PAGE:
ebookAs with music, movies, photography, television and many other industries in recent years, publishing has been turned on its head by the digital revolution and the invention and proliferation of ebooks.

Ebooks have some huge advantages. As a reader, it’s great being able to download a book at 10 o’clock at night without getting off the couch, and they are cheaper than print books. For publishers (and especially small publishers) ebooks solve two significant problems: distribution and printing. With ebooks a small publisher can have the same distribution reach as Penguin. You can sell all over the world. And print costs are a major outlay that suddenly disappears with ebooks (although there are other formatting costs instead).

But ebooks have two major drawbacks for publishers: because of the low price expectations of readers the profit margins on ebooks are low, and the formatting of ebooks is a bit limited compared to print.

Like websites, ebooks have to be readable on a variety of different screens, such as mobile phones, tablets and laptops. For this reason, ebook text is what is known as ‘reflowable’. This means that the ‘page size’ adjusts to whatever size the screen is and the text ‘reflows’ to fit this page size. For this reason, ebooks don’t actually have fixed pages. On your mobile phone an ebook might be 600 ‘pages’ long but on your tablet the same ebook might be only 300 ‘pages’ long. To get around this problem, ebooks have what are known as ‘locations’; each ‘location’ is attached to a section of text and moves with the text when it moves.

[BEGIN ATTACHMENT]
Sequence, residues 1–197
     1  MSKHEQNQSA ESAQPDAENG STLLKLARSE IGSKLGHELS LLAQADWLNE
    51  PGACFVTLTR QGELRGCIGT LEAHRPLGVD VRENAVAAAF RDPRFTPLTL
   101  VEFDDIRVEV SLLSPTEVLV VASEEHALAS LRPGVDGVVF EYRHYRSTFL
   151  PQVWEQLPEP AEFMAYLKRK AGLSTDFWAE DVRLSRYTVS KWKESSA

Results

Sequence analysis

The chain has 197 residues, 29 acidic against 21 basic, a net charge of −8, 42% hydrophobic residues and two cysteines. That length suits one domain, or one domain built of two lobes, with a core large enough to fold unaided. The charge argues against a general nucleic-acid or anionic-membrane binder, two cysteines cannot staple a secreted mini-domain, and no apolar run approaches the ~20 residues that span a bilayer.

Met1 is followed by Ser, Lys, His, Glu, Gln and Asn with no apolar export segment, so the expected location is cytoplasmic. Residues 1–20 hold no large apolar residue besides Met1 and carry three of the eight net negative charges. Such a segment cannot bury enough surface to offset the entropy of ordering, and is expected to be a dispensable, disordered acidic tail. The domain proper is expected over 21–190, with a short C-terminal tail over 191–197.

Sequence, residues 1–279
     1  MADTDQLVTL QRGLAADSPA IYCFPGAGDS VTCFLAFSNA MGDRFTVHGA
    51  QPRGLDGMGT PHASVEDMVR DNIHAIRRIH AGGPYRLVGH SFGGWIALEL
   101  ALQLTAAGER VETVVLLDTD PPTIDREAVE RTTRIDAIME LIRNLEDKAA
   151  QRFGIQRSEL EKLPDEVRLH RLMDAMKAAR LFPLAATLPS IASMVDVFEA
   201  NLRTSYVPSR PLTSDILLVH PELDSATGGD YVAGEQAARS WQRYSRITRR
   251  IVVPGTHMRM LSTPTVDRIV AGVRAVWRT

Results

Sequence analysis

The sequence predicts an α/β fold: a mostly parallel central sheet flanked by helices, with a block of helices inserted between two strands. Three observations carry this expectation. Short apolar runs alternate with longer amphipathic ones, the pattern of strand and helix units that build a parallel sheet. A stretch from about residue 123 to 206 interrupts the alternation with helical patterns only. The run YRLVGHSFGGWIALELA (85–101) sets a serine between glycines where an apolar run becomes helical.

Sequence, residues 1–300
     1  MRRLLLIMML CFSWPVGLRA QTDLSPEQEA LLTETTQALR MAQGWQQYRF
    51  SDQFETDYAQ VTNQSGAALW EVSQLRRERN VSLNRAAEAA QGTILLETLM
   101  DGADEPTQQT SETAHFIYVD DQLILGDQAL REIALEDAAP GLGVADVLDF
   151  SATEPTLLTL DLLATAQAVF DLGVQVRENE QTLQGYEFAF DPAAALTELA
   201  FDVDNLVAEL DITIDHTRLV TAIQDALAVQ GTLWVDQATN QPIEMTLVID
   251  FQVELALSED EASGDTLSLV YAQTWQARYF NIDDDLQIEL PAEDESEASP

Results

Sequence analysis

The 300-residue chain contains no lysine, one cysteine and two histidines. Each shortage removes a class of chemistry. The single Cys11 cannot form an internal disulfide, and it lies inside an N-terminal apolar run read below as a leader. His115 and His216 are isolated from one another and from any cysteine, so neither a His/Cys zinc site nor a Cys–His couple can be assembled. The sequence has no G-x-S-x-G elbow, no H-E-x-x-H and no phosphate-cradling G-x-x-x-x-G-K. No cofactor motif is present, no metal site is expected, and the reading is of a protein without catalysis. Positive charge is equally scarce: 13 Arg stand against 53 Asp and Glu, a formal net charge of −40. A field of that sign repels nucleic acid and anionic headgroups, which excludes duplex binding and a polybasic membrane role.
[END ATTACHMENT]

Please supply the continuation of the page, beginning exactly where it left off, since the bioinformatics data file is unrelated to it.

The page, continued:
A number of different file formats are used for ebooks. The most common is EPUB, and you’ll need a MOBI file for Amazon.

EPUB is the ebook format used by the vast majority of ebook stores and readers. EPUB – not surprisingly – stands for electronic publication. EPUB files can be a bit buggy, and you may experience minor layout errors. The EPUB format is improving but at the time of writing it seems almost impossible to entirely remove minor formatting issues, especially if your book contains a range of different text styles, lists or tables.

MOBI is the ebook format used exclusively by Amazon, for no other apparent reason than to lock customers into buying from Amazon. The book will look slightly different, but it’s basically the same as EPUB. However, it can only be used with an Amazon device or software.

Technically any file format you can put your book into can be an ebook, such as a Word file or PDF. You’re unlikely to use a Word file as this would offer no protection against changes to the file, but PDFs with appropriate security can be useful. For example, you can use them on your website to provide a free sample chapter, or even your whole book.

The formats you’re most likely to use are EPUBs to list on most of the bookstores, MOBI to sell your book on Amazon and perhaps PDF to put a sample chapter on your website.

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